The low-level tensions that are a feature of India-Pakistan relations exploded last month after Kashmiri extremists launched a terrorist attack in India and New Delhi followed with the inevitable acts of retaliation. A shrewd move by Pakistani Prime Minister Imran Khan may have defused the crisis, but that de-escalation will only prove to be temporary as long as the larger issue — the disputed status of Kashmir — persists. This is an unacceptable state of affairs for two nuclear-armed states that neighbor each other.
New Delhi and Islamabad have fought over Kashmir, a Muslim-majority region that is part of India but claimed by Pakistan, since the two states won their independence in 1947. The two countries have gone to war three times over the territory. When their militaries are not engaged in hostilities, a low-level conflict takes place, marked by terrorist attacks or the exchange of mortar fire across the Line of Control, the 900 km unofficial border that separates India and Pakistan. It is estimated that nearly 90 civilians were killed in the two countries in cross-border fire last year alone. New Delhi — and many other countries — charges Islamabad with supporting Kashmiri separatists as a way of waging war “by other means” and maintaining plausible deniability. The Pakistani government denies the accusation.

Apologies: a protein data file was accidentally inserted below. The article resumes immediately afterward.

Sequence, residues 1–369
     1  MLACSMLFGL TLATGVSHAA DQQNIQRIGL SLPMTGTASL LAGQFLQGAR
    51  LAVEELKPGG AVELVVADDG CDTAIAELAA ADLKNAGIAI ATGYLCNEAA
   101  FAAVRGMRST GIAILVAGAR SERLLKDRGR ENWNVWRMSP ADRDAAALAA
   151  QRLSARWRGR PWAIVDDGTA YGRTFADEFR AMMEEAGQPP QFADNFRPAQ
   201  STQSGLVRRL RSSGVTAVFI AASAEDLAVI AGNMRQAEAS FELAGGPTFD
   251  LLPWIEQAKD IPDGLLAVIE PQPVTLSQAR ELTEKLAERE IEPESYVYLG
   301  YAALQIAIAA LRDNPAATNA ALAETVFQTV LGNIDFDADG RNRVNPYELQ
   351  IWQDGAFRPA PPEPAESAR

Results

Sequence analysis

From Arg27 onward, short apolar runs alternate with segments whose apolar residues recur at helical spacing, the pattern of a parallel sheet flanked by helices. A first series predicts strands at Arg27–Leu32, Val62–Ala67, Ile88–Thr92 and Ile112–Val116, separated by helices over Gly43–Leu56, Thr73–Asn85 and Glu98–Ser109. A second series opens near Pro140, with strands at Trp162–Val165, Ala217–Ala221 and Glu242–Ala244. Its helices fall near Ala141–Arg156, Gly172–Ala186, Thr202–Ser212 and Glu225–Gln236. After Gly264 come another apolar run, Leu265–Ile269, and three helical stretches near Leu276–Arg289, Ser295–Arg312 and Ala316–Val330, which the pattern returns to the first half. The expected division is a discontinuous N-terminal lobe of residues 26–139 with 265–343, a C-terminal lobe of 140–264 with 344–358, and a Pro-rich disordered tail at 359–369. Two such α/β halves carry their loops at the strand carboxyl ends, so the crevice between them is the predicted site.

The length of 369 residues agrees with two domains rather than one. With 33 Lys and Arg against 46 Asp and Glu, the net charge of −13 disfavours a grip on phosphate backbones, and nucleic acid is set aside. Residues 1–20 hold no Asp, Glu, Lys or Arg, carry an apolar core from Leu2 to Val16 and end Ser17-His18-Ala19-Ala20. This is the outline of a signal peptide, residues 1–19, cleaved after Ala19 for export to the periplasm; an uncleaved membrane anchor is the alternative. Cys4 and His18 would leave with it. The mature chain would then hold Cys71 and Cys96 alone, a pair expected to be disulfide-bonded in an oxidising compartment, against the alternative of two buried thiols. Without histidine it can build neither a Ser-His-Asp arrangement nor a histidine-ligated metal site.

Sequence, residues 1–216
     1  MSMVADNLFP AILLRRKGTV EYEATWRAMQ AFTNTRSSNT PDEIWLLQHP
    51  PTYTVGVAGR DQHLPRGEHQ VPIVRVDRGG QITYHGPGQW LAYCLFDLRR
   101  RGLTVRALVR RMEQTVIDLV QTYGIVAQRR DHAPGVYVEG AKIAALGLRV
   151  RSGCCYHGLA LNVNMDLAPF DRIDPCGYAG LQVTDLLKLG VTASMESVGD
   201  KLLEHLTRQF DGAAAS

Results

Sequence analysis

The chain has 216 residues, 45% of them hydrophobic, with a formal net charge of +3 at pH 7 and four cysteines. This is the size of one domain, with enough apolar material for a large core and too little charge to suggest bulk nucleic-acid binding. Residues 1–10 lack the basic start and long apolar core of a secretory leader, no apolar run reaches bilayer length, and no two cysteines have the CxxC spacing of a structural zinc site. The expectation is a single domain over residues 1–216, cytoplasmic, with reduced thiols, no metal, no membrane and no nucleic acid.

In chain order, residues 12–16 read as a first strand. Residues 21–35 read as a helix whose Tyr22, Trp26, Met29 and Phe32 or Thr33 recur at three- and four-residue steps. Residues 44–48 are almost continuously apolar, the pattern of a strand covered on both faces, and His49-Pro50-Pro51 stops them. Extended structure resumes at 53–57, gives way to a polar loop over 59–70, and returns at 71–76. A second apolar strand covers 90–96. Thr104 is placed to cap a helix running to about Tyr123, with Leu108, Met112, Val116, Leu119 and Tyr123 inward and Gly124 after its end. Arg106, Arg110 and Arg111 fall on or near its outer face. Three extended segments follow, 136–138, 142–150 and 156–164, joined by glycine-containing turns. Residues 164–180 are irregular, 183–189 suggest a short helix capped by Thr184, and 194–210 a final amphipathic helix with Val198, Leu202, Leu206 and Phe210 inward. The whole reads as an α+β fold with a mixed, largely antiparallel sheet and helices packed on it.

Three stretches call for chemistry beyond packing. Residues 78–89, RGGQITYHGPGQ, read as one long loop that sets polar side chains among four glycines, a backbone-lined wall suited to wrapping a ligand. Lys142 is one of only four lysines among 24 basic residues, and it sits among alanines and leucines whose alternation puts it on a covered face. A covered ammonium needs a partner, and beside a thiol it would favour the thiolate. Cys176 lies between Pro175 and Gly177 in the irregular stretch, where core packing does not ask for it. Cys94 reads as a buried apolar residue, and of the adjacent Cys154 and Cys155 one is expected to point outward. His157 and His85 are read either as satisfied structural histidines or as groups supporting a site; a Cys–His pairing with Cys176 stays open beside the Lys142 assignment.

Unable to view this article?
This could be due to a conflict with your ad-blocking or security software.
Please add japantimes.co.jp and piano.io to your list of allowed sites.
If this does not resolve the issue or you are unable to add the domains to your allowlist, please see out this support page.
We humbly apologize for the inconvenience.